Museum's new exhibition is a rainbow of colours
A new exhibition Bone Black, a Brief History of Colours opens at Saffron Walden Museum on 12 November.
Visitors can discover the wide-ranging materials and processes which create colour in both man-made and natural objects. Using the museum's broad collections, the exhibition traces the history of colours and explores both the making and meaning of colour across cultures and the natural world.
Bringing together the worlds of art and science, the exhibition explores how people overcame the technical processes involved in creating colour and examines the origins of colour, whether from the natural world or human invention, with objects from minerals to textiles and everything in between.
The exhibition presents a rainbow of objects, grouped by colour. Mineral specimens show the origins of many pigments and plant specimens explain traditional dyes and inks. Each colour will also be represented with a range of objects from across the museum's collections, including social history, archaeological, worldwide cultures and natural sciences.
Visitors will be able to hear, smell and touch colours though a specially created sensory table, designed in partnership with Support 4 Sight. The interactives have been made in collaboration with a range of local groups including Creative Walden, museum visitors, a local choir and the Community Shed. The interactive elements, along with an audio guide, are aimed at making the exhibition more accessible for everyone including people living with sight loss and visual impairments.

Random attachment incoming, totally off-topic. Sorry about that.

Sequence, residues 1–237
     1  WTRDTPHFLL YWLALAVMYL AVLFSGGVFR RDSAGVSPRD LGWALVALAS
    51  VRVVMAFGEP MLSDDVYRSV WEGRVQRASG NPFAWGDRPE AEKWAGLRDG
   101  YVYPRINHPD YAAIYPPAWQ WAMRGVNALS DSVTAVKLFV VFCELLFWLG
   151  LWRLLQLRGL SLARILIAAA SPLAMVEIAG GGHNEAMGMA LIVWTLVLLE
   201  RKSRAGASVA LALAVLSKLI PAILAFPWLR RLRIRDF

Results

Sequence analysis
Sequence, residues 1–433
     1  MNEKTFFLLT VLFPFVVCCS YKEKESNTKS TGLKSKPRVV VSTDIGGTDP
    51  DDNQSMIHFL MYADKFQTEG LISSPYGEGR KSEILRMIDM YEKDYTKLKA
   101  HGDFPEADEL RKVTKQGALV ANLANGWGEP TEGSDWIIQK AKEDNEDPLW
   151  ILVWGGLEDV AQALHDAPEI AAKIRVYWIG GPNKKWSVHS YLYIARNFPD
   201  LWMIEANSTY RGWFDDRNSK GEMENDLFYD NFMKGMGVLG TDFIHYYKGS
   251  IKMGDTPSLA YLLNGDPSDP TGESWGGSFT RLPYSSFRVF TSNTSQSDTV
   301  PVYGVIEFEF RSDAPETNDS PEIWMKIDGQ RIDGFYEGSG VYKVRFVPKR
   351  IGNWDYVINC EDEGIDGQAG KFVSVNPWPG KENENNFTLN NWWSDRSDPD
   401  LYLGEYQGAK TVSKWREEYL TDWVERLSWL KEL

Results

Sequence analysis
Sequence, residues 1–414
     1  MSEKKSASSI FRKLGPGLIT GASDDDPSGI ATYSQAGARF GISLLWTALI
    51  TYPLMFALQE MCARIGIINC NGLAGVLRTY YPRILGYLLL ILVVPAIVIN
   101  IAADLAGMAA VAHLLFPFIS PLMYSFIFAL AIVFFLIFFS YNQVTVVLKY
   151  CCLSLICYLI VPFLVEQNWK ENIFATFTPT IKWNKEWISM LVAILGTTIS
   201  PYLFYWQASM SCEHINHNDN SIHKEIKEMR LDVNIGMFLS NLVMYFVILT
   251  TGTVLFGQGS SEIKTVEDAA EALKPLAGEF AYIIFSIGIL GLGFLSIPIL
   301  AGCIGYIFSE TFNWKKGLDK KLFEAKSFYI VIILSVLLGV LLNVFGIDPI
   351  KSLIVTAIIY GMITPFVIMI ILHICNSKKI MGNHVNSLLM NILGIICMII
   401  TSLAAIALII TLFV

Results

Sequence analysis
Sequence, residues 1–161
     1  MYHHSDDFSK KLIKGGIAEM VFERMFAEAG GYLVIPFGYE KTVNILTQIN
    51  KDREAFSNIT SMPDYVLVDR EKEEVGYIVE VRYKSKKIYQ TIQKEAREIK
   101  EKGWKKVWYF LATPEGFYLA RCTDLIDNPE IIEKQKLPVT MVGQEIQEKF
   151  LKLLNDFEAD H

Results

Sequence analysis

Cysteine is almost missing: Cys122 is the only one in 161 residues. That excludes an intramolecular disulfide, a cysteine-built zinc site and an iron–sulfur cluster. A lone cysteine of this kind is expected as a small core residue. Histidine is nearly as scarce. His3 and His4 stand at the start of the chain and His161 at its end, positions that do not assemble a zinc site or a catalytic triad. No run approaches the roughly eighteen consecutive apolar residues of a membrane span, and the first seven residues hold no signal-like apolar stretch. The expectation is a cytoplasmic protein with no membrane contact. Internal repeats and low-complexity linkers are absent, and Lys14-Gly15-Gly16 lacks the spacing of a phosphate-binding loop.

Masuma Ali, Community Fundraiser at Support 4 Sight, said: "Everyone thinks of colours differently, what a colour may mean to them, what a colour may smell like or sound like. It has been fantastic to be involved to make the exhibition accessible for blind and partially sighted people. Our default is to think of colours in relation to sight, but colours can be experienced in many different ways by people using their other senses."
Charlotte Pratt, Learning & Outreach Officer at Saffron Walden Museum and the exhibition curator, said: "I am grateful for the support and advice given by the team at Support 4 Sight. They, along with the local groups and individuals, have hopefully made this the museum's most accessible exhibition to date. As well as the sensory table, we will be trialling our first audio guide using QR codes - so it will be great to get feedback from the public on that too."
Saffron Walden Museum is open Wednesdays to Saturdays, 10am to 4.30pm and Sundays from 2pm to 4.30pm (Tuesdays are reserved for schools and pre-booked groups. The museum is closed on Mondays).
Admissions: £2.50 adult, £1.25 Concessions, children free.
21 October 2022